This year’s flu vaccine has proven to be more effective than it has in previous years, according to a recent report.
A mid-season analysis was performed by the Canadian Sentinel Practitioner Surveillance Network (SPSN) and released on Thursday. The SPSN uses data from hundreds of practitioners across Alberta, British Columbia, Ontario, and Quebec, and monitors how effective each year’s influenza vaccine is.
The SPSN says that so far, the 2019-20 vaccine is estimated to have prevented nearly six out of 10 cases (58%) of influenza in non-elderly people. This year’s influenza is said to be a mix of both influenza A and B, with an “unusual” rise in influenza B in the latter half of the flu season. Influenza B also tends to affect children more so than older individuals.
“That’s an important reduction in risk, especially for people with underlying medical conditions who face a greater threat of serious complications if infected by influenza,” says Dr. Danuta Skowronski, who heads the Influenza and Emerging Respiratory Pathogens Team at the BCCDC and leads the Canadian SPSN.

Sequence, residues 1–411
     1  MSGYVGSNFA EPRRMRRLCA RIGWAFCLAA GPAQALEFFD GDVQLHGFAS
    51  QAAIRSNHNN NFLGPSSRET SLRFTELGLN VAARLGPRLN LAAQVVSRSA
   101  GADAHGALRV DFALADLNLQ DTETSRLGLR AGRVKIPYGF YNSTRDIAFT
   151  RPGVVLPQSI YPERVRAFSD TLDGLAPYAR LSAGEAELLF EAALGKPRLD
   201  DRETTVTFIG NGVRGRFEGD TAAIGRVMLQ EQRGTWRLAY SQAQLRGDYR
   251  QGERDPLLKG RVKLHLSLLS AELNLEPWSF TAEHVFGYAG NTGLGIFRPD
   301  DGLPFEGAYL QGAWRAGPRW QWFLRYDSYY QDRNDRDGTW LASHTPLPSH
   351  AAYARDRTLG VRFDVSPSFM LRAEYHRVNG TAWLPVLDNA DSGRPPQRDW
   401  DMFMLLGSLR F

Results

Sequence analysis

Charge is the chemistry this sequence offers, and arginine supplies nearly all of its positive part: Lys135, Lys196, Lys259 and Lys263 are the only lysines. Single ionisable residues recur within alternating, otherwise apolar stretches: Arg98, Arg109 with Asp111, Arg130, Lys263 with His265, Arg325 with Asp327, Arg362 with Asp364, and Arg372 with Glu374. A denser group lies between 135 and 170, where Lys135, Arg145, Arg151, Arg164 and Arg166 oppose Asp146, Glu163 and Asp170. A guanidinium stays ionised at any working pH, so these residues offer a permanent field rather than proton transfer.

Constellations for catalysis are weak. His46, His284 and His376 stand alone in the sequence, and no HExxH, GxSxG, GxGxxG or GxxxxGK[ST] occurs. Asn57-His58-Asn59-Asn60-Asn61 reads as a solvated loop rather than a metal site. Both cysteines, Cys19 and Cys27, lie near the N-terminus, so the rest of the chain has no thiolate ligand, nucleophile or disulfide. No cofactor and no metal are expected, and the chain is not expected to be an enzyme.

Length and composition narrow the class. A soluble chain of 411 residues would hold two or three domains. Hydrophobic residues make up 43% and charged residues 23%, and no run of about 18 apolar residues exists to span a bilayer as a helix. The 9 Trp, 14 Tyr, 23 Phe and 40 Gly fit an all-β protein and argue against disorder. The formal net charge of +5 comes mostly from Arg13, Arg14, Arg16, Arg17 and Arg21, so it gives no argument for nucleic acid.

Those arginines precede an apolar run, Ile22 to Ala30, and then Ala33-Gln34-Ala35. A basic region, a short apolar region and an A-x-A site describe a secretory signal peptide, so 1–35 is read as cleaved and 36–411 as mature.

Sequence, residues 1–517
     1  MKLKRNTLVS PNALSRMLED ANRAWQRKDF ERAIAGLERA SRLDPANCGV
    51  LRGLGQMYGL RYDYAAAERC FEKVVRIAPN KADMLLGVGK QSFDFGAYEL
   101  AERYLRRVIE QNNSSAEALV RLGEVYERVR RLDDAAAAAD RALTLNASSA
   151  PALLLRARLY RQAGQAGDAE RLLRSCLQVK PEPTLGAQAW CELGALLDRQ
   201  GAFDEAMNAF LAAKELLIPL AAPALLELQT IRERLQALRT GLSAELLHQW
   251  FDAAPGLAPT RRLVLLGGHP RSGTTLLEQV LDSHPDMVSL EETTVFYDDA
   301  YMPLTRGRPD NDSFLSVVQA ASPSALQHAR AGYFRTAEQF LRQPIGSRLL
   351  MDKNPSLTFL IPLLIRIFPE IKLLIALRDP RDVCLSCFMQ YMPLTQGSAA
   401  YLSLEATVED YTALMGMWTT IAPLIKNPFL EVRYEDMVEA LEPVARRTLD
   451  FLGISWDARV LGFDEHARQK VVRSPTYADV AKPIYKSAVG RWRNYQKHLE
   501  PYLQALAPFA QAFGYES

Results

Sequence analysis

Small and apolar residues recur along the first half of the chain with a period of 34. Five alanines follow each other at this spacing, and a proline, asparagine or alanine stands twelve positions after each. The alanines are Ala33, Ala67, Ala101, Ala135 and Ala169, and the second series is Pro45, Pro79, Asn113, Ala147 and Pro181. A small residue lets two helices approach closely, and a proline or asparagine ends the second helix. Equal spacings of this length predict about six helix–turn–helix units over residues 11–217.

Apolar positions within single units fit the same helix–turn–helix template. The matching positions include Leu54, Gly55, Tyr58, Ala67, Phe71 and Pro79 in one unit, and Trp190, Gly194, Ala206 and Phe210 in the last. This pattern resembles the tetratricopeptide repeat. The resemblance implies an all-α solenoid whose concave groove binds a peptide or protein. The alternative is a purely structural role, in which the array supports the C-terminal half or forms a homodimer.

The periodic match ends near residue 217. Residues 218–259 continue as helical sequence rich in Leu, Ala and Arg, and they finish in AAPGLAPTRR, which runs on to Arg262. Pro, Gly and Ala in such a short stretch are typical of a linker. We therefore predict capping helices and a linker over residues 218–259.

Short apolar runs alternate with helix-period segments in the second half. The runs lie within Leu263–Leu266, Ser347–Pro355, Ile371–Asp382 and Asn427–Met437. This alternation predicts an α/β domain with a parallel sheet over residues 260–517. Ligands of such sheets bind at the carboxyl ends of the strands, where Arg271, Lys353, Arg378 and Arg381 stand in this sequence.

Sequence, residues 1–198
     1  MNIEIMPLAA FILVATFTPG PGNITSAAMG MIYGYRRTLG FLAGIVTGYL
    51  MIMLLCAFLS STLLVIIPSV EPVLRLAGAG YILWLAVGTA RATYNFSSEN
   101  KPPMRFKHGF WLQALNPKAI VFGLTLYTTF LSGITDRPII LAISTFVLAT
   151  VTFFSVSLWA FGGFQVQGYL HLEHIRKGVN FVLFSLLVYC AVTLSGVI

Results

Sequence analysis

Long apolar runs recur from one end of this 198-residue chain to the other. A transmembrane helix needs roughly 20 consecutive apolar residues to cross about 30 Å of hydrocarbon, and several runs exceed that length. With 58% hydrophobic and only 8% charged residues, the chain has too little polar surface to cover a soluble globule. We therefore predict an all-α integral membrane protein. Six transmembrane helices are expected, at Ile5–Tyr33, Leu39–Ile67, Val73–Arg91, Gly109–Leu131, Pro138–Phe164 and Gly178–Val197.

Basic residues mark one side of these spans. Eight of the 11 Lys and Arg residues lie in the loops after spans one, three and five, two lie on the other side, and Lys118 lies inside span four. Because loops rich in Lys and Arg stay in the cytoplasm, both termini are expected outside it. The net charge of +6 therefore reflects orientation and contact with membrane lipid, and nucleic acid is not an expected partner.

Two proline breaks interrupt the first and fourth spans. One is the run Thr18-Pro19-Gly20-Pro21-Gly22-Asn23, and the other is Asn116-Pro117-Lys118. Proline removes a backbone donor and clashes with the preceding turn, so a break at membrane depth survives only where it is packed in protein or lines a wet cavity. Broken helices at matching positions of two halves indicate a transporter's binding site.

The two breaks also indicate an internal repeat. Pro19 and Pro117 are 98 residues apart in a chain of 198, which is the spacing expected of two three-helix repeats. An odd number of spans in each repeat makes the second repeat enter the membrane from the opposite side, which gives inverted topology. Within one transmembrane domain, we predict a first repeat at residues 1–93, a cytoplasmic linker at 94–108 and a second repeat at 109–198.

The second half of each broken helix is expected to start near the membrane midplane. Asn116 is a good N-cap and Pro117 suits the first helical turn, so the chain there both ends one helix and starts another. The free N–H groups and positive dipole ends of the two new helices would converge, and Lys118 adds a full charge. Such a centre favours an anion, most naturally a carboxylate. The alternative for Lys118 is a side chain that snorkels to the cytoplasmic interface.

Based on data from the SPSN, it also appears that the efficacy of the 2019-20 vaccine has increased compared to prior years. In 2016-17, the influenza vaccine was estimated to be only 44% effective. It was even less successful in 2017-18, with an efficacy rate of 37%.
2018-19 was also a successful year in terms of how effective the vaccine was, with an estimated effective rate of 56%.
The BCCDC also said that people can reduce and minimize the spread of viruses by washing their hands, coughing and sneezing into their elbow, and avoiding touching their face while in public.
A full look at the vaccine’s effectiveness results can be found in the journal Eurosurveillance.